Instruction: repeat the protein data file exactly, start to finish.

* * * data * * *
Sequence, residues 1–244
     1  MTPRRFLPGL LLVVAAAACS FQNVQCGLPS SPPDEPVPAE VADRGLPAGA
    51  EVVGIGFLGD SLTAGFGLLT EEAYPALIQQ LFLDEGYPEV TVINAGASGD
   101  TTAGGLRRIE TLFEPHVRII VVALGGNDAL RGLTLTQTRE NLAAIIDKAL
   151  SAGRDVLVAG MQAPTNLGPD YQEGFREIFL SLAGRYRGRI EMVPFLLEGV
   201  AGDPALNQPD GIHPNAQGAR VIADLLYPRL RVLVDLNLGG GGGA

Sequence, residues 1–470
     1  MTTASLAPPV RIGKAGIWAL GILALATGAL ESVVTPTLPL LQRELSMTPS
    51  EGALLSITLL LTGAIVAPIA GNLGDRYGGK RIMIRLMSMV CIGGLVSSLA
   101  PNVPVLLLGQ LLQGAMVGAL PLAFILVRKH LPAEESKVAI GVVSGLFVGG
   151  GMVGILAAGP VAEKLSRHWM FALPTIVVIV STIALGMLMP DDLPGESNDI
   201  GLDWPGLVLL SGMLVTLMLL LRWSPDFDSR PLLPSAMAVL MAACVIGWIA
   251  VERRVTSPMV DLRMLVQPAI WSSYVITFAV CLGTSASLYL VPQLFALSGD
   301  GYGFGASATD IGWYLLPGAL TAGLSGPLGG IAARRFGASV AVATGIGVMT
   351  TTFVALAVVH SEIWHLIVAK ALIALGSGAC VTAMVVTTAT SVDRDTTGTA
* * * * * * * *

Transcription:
Sequence, residues 1–244
     1  MTPRRFLPGL LLVVAAAACS FQNVQCGLPS SPPDEPVPAE VADRGLPAGA
    51  EVVGIGFLGD SLTAGFGLLT EEAYPALIQQ LFLDEGYPEV TVINAGASGD
   101  TTAGGLRRIE TLFEPHVRII VVALGGNDAL RGLTLTQTRE NLAAIIDKAL
   151  SAGRDVLVAG MQAPTNLGPD YQEGFREIFL SLAGRYRGRI EMVPFLLEGV
   201  AGDPALNQPD GIHPNAQGAR VIADLLYPRL RVLVDLNLGG GGGA

Sequence, residues 1–470
     1  MTTASLAPPV RIGKAGIWAL GILALATGAL ESVVTPTLPL LQRELSMTPS
    51  EGALLSITLL LTGAIVAPIA GNLGDRYGGK RIMIRLMSMV CIGGLVSSLA
   101  PNVPVLLLGQ LLQGAMVGAL PLAFILVRKH LPAEESKVAI GVVSGLFVGG
   151  GMVGILAAGP VAEKLSRHWM FALPTIVVIV STIALGMLMP DDLPGESNDI
   201  GLDWPGLVLL SGMLVTLMLL LRWSPDFDSR PLLPSAMAVL MAACVIGWIA
   251  VERRVTSPMV DLRMLVQPAI WSSYVITFAV CLGTSASLYL VPQLFALSGD
   301  GYGFGASATD IGWYLLPGAL TAGLSGPLGG IAARRFGASV AVATGIGVMT
   351  TTFVALAVVH SEIWHLIVAK ALIALGSGAC VTAMVVTTAT SVDRDTTGTA